062516 John Scofield and Joe Lovano/Sarah McLachlan, Ottawa, ON

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I’ve been happy to shell out my very own semi-hard earned money to see both John Scofield and Joe Lovano play music in the past so it’s no surprise that I was doubly-happy to hear them perform together as yet another of the nearly countless great shows that made up Ottawa’s 2016 jazz festival.

The pair were booked indoors on June 25th, inside the National Arts Centre’s semi-large theatre which was the same room where Kamasi Washington had all but destroyed my musical consciousness just days before.  Just walking back into that room gave me a jazzy version of the heebie jeebies – the hazzie jazzies if you will – that made my skin crawl.  And that formication was merely prelude to watching as one of the jazz world’s most cerebral-yet-still-groovy guitar players tower above, beside, and behind the incessantly clever honkings of Lovano’s saxophone.  

And of course it was a great show.

But the jazzfest wasn’t done with me yet.  No friends, following this theatre performance there was a big shoe revving up on the mainstage outside in Confederation Park and the lawnchairs were out in full force in anticipation of a set from the remarkably popular and equally talented Sarah McLachlan

I had been a fan of Sarah McLachlan since I found myself in the illicit possession of a three-song promo CD of hers that featured the studio version of her hit Into the Fire as well as two tracks that she had recorded with eight members of the London Symphony Orchestra.  (I came to own the disc due to a one-time abscondation related to my summer employ with the gubbermint; my lack of interest in googling the appropriate statute of limitations dictates that I say no more.)  Anyway, one of those two bonus tracks was a song called Sad Clown on which Sarah’s singing blended with the classical octet so magically that together they sounded like a fleet of angels caressing a thousand cotton-candy rainbow-harps.  I mean I listened to that song over and over and over again with my eyes slammed tight in sonic ecstasy.  As a matter of fact, I listened to Sad Clown so much that I honestly couldn’t tell you what the third song on the disc was.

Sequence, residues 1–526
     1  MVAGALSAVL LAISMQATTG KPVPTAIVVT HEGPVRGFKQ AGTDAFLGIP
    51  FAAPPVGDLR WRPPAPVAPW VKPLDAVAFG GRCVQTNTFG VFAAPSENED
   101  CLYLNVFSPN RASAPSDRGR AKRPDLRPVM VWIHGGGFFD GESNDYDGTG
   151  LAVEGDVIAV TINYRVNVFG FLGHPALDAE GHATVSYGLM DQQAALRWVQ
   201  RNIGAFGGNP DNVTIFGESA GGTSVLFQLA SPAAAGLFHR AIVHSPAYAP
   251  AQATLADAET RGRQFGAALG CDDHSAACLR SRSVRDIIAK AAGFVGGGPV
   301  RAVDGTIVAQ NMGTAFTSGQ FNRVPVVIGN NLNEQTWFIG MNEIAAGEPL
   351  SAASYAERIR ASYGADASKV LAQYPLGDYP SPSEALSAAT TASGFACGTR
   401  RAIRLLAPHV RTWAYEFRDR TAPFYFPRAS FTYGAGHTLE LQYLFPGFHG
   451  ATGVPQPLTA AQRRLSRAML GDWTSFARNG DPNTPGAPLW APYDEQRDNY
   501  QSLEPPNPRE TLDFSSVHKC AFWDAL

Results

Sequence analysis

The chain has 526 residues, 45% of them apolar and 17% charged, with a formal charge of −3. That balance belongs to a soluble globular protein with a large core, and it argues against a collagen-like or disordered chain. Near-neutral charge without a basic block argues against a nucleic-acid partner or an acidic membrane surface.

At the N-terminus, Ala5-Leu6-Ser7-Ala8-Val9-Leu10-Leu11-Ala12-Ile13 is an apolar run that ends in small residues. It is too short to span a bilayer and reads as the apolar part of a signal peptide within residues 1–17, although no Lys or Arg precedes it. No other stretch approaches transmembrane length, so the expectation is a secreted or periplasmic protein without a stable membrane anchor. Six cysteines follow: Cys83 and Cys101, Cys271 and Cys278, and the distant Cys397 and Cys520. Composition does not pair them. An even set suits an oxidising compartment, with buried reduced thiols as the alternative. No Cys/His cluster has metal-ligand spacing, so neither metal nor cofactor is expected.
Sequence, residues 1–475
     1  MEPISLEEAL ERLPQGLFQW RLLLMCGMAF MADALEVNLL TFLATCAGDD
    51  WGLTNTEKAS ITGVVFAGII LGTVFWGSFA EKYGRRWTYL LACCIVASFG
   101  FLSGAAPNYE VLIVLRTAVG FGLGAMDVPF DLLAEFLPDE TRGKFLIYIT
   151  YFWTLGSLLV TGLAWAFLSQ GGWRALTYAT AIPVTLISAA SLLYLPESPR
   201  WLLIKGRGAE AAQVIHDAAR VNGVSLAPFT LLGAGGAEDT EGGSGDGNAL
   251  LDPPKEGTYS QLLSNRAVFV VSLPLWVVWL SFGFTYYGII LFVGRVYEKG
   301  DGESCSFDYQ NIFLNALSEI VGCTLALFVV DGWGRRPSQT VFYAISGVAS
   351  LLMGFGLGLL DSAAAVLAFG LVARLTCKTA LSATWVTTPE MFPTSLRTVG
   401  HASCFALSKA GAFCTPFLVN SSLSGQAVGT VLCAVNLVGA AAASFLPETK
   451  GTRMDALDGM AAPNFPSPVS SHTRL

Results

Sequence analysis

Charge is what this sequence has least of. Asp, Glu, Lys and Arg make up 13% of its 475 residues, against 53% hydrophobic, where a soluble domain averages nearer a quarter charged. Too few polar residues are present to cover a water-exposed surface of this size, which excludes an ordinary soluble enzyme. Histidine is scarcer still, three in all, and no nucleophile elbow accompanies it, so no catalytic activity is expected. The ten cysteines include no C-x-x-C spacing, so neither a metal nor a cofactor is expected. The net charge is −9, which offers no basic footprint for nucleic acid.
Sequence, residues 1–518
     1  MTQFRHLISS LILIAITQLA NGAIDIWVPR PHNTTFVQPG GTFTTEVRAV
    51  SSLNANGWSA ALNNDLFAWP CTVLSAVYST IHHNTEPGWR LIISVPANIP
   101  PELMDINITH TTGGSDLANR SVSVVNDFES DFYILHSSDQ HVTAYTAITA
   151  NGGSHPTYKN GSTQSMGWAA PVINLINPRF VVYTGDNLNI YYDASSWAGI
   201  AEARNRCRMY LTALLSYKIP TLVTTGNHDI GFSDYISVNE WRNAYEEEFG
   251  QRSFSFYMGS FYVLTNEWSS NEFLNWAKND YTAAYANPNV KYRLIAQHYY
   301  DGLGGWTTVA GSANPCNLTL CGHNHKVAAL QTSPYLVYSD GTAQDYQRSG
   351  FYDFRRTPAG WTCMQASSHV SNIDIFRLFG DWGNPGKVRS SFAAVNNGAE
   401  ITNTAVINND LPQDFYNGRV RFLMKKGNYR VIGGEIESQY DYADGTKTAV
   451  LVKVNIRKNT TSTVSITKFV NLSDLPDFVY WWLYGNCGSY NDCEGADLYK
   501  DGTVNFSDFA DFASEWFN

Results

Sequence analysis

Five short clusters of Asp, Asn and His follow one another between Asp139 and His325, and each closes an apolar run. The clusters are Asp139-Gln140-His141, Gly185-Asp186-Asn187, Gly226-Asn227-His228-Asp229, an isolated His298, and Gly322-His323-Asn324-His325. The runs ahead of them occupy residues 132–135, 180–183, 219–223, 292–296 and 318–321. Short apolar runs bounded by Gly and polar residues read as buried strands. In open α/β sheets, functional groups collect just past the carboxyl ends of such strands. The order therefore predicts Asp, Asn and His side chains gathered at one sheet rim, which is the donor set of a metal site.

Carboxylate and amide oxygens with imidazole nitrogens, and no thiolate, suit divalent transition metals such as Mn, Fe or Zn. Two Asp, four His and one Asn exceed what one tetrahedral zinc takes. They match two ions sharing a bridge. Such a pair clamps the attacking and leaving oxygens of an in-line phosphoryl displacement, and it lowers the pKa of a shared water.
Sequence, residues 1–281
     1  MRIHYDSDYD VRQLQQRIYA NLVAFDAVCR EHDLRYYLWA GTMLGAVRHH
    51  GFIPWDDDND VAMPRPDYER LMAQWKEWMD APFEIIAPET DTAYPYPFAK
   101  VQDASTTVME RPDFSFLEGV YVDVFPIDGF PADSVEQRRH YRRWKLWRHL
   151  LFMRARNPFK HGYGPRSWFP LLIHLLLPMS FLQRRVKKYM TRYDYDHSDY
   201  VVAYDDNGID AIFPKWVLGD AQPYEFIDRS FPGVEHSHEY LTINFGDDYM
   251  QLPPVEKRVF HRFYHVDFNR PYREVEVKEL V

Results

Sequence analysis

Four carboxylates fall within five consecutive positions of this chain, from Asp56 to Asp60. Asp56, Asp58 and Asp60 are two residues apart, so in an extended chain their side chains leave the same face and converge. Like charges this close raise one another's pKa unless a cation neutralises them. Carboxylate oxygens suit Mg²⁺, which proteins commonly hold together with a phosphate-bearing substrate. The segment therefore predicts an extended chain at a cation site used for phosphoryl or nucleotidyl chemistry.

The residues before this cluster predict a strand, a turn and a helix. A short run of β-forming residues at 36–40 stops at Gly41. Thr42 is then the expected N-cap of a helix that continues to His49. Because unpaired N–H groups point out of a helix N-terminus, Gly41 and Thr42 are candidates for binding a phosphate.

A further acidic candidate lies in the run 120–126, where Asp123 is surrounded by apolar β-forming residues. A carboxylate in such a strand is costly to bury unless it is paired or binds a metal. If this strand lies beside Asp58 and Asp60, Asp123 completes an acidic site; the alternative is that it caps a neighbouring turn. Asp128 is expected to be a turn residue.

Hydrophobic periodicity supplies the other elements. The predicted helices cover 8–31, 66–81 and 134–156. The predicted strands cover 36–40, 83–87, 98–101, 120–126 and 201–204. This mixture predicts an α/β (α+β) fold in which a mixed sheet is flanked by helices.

This may have been my only time seeing Sarah McLachlan – I can’t recall for certain – and however good her set may or may not have been I can promise you that it didn’t come close to how that Sad Clown made me feel.  And no wonder; I was hoping to see a unicorn appear onstage riding a purple pegasus and handing out musical peanut butter cups.  

But then, I knew I wasn’t going to get what I wanted; I didn’t deserve it.  It was my five-finger karmic payback for already getting so much joy out of the nicked disc.

Still, it was a great summer evening out of the house, the absence of singing angels notwithstanding.

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